6. Pockets and money belt. I felt ridiculous every time I had to dig out my credit card or passport, but I used one of those under-clothes money belts. There really are pickpockets, and a confused tourist trying to get their bearings in an unfamiliar place is an easy target. A couple at one of our hotels had a backpack containing passports and phone as well as cash and credit cards stolen—luckily they were able to use Find My iPhone to track it to a trashcan, and only the cards and money were missing, but imagine what a disaster that could have been. For things I needed constantly, like my phone, paper map, and a few Euros, pockets were the way to go. I brought two pairs of pants, one with pockets and one without, and never wore the pocketless pair. In cooler weather, a jacket or vest with pockets would have worked. On days when I carried my day pack, I kept it tucked under my arm or in crowded places wore it in front.
  7. Medicine bag. I’m susceptible to stomach ailments so I always travel with Immodium, which was a lifesaver the day we took a 2 1/2 hour bus from Cortina to Venice followed by a 2 hour train to Florence. Not sure what I ate the day before, but I woke up sick in the middle of the night before that travel. I’ve also had a couple of past vacations partially ruined by catching a cold, so I always bring some Advil Cold and Sinus, which helped Jim get through the long trip home after he picked up a bug somewhere. I also bring Aleve, which I take proactively on days with a lot of walking so my arthritis doesn’t slow me down; Advil PM, in case I need help resetting my sleep schedule; and bandaids, which were handy after Jim tripped over a doorway and scraped his arm.
  8. Portable phone charger. My phone got a workout every day, between the maps and the camera. At the end of our Vatican tour, I was at 3% battery and we still needed to find our way back to the hotel. Next time I’ll try to find a smaller, lighter version. The one I have supposedly will charge the phone twice before the charger needs to be recharged, but I didn’t need that much.
  9. No voltage converter needed this trip. We just got a little pack of plug adapters and that was fine, since our phones and the iPad are all capable of using the higher European voltage. I didn’t bring a hair dryer, and Jim’s electric shaver lasted the whole trip (he brought a stick razor along as backup).
  10. Plane meals. I’m vegetarian, so I need to request special meals on the flight. You can only do this between 30 days and 24 hours in advance of the trip, so I couldn’t do it when I made the reservations. Set a calendar reminder. Also, be clear about which passenger needs the special meal: on the flight over, both of us got the vegetable curry. Side note: although the airline asks for details about your diet, it appears they prepare one generic meal that covers vegan, vegetarian, diabetic, and all other restrictions. It always makes me a little sad when I don’t get dessert.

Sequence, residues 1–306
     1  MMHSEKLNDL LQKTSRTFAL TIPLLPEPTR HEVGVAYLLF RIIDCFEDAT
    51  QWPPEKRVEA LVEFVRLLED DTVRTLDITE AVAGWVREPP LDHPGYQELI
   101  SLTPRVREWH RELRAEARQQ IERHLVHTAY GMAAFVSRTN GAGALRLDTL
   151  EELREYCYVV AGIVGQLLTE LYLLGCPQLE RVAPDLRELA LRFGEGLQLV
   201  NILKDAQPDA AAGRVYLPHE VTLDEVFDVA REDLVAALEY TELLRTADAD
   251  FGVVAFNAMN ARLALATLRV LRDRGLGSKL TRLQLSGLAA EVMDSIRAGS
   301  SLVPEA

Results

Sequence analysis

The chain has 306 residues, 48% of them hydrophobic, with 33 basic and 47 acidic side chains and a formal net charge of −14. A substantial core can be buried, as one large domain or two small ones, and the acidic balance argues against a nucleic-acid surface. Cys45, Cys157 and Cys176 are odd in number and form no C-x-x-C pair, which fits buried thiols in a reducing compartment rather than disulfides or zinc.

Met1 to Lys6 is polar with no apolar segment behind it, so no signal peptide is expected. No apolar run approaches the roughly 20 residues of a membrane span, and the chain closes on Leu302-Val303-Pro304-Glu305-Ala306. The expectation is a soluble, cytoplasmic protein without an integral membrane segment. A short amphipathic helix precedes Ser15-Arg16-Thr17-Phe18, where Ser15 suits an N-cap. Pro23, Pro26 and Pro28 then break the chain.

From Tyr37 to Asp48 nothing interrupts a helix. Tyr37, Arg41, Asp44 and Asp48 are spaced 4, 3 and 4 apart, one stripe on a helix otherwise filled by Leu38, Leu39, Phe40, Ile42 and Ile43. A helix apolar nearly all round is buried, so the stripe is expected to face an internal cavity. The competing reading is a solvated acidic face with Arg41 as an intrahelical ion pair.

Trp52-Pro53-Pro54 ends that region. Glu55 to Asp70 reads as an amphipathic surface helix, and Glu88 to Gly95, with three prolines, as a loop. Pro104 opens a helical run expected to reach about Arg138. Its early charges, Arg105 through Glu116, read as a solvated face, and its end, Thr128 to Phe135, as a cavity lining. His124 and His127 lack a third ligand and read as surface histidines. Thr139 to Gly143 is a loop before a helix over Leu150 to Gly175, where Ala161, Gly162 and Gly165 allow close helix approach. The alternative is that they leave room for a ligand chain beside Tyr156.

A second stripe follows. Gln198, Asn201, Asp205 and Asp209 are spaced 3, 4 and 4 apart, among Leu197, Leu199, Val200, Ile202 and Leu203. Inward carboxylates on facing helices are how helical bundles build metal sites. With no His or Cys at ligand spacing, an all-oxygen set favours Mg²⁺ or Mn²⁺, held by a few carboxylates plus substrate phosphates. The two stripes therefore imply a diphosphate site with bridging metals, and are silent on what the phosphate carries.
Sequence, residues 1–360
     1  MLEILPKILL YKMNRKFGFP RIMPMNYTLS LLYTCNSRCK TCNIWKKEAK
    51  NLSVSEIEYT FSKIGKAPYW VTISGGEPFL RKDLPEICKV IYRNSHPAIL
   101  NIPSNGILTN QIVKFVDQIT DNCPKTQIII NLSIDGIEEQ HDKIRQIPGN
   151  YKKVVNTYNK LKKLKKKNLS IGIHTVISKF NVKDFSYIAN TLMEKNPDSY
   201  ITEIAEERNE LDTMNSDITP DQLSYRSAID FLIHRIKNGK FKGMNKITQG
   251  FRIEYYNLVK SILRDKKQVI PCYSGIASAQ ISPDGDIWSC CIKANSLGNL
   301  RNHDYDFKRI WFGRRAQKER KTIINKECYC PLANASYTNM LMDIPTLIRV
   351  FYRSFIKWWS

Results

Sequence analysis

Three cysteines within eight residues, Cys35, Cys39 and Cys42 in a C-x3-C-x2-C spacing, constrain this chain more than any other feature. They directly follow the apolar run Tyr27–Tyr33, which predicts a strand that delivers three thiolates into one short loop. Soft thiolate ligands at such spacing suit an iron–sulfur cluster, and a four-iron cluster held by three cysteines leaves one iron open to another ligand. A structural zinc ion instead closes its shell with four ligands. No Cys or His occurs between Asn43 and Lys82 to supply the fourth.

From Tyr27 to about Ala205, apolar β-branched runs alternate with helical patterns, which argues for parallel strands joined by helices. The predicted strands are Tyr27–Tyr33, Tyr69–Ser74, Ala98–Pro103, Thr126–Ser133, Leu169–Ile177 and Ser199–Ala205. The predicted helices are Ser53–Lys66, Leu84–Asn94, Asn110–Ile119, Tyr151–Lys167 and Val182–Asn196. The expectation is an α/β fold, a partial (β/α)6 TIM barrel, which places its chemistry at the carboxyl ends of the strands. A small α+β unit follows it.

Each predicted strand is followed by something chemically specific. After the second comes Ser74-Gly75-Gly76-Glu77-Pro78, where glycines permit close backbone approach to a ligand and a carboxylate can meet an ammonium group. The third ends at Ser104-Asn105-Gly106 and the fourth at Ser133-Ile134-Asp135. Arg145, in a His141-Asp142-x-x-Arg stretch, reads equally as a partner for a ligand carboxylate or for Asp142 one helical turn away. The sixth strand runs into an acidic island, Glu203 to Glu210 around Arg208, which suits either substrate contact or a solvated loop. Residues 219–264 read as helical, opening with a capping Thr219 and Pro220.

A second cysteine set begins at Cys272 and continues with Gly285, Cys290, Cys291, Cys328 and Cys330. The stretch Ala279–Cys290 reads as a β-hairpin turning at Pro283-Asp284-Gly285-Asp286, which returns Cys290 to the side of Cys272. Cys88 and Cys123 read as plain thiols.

11. Get a PIN for your credit card. Some ticket machines require a PIN for a card transaction, meaning I had to use my debit card a couple of times on this trip. I called my credit card company and learned it would take two weeks to get a PIN, which had to be mailed to my house. I had a credit card PIN in the past, but that card was compromised and replaced years ago and it never occurred to me to request a PIN for the new one.
  12. WhatsApp. This is the app many people in Europe use instead of text messages. Our Venice hotel had told us about this so I downloaded the app at home and had good luck with it in Venice. Apparently I didn’t go all the way through the registration process, though, and when I got to Florence the app didn’t work anymore, meaning we had to use an awkward workaround of sending messages and information via  I was unable to get it to work for the rest of the trip.
  13. Book activities in advance. As it turns out, September is the busiest month in Italy. I knew Rome would be a zoo and booked our Colosseum and Vatican tours in June, but wasn’t expecting the crowds in Venice and Florence. A few days in advance I took a look at the museum hours and discovered the Uffizi and Accademia in Florence were sold out, and the Doge’s Palace in Venice was getting close. I was able to get us in by booking tours in Florence, and I snagged the last couple of early entries at the Doge’s Palace.